CAPITAL INVESTMENT FUND
- +0.04% (Class A)
- +0.13% (Class F)
- +0.08% (Class A)
- +0.16% (Class F)
- +40.54% (Class A)
- +40.66% (Class F)
Capital Investment Fund
RSIF units were flat in the month of December and declined -1.5% for 2017. Trailing annual volatility for the Investment Fund was 1.7% and its correlation to the S&P/TSX Composite Index was -0.9.
The Investment Fund made 2 new investments during the month, including 1 structured product arbitrage and 1 volatility arbitrage investment, while exiting 11 investments. At the end of the year, we were monitoring 111 redeemable structured products with total market value of $8.7bn ($78mm average size). The Investment Fund ended the year with 26 structured product investments.
Gross exposure (long + shorts) of RSIF was 179% as at year end, with approximately 35% of the portfolio invested in the structured products arbitrage strategy, 23% in multifactor, 21% in relative value and 21% in volatility arbitrage.
The structured product arbitrage strategy gained 0.5% in December and the volatility arbitrage strategy gained 0.3%. The relative value and multifactor both declined -0.3%.
Typically, RSIF thrives off high volatility and historically, its best relative performance has occurred in bear markets. Throughout 2017, markets did not suffer from even the mildest of drawdowns and the VIX averaged 11, which is near record low volatility. Any potential future increase in volatility and reversal of the growth over value outperformance would bode well for future performance of RSIF.
RSOF units gained 0.08% in the month of December and declined -1.5% for 2017. Trailing annual volatility for the Opportunities Fund was 6.4% and its correlation to the S&P/TSX Composite Index was 0.07.
The Opportunities Fund made 8 new investments during the month, all of which were merger arbitrage allocations. At the end of the year, we were monitoring 105 risk arbitrage situations globally with total market value of over $1.02 trillion.
Gross exposure (long + shorts) of RSOF was 131% at year end with 58% invested in Canada and the remainder invested in the US. 44% of the portfolio was allocated to the merger strategy, 35% to special situations, 11% to relative value, 6% to liquidations and 4% to high yield.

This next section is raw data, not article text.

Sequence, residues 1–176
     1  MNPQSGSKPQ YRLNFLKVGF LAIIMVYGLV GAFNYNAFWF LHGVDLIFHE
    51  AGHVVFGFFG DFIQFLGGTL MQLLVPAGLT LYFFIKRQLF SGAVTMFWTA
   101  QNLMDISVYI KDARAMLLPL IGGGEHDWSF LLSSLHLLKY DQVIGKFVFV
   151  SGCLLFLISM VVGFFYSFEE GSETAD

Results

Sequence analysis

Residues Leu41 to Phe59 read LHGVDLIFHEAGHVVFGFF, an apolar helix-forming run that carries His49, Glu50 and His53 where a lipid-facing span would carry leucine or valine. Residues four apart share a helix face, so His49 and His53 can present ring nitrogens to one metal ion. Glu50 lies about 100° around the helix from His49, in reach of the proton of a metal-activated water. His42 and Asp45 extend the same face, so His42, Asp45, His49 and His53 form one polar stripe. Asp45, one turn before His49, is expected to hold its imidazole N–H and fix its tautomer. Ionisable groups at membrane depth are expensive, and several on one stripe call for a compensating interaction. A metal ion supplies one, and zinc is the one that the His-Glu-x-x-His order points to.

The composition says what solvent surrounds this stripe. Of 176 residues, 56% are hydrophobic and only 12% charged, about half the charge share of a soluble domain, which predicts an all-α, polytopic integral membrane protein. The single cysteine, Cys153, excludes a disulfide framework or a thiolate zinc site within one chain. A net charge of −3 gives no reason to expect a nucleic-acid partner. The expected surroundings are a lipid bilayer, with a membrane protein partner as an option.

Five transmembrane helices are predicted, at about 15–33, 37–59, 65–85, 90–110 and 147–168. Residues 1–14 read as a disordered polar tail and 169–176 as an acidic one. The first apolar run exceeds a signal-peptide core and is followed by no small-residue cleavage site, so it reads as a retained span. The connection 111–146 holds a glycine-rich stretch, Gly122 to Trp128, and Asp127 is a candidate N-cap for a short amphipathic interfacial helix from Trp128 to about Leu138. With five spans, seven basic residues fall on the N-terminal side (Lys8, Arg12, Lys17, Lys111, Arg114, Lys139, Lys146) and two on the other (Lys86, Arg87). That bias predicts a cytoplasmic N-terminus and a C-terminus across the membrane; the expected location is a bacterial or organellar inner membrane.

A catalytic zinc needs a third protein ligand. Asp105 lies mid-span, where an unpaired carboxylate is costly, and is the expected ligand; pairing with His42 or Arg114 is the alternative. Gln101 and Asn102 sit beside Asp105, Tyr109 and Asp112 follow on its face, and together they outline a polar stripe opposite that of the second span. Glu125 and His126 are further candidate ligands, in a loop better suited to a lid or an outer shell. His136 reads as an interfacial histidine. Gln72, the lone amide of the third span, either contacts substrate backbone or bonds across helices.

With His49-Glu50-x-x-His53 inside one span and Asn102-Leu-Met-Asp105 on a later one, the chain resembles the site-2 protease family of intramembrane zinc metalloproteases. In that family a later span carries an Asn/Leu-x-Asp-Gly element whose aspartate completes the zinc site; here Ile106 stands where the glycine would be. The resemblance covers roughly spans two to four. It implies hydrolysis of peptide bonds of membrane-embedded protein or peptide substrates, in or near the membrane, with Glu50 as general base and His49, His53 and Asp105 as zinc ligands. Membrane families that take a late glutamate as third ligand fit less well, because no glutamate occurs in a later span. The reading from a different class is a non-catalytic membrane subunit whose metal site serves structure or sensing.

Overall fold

December Fund performance was driven by the special situations portfolio with a 0.7% return, followed by the high yield debt strategy, which added 0.2%. The merger, liquidation and relative value strategies declined -0.5%, -0.3% and -0.1%, respectively.
The Fund’s best performing strategy in 2017 was the merger arbitrage portfolio, which contributed 6.2% to the Fund’s annual return. We were able to generate significant alpha in the merger arbitrage market, while only allocating around one-half of our portfolio to the strategy. Unfortunately, this outperformance was offset by a decline in the special situations portfolio, led by spin-offs, sum of parts discounts and share repurchasers that underperformed. Not to suffer from thesis drift, we have divested underperforming special situations securities from our portfolios and de-emphasized the strategy on a go-forward basis. As the evidence mounts, it appears that the days of spin-off outperformance are behind us.
Our favorite merger securities are those whose peer set multiples have expanded over the deal cycle, especially if certain deal-related turbulence has held back the merger security’s market performance. We have seen this effect in two of the Fund’s current merger securities with perceived market risks, being Time Warner and Cannimed Therapeutics. While the market has been overly focused on deal-related noise (in the case of Time Warner, a questionable anti-trust case, and in the case of Cannimed, an outstanding hostile bid with a novel capped consideration mechanism), the market has missed the fact that these companies’ peers have had large share price rallies, lifting their valuation multiples. This has had the effect of reducing the merger securities’ downside deal-break prices, which in turn improves the risk / return profile of a merger arbitrage investment. These asymmetric risk / reward opportunities are the ideal investments for the Fund.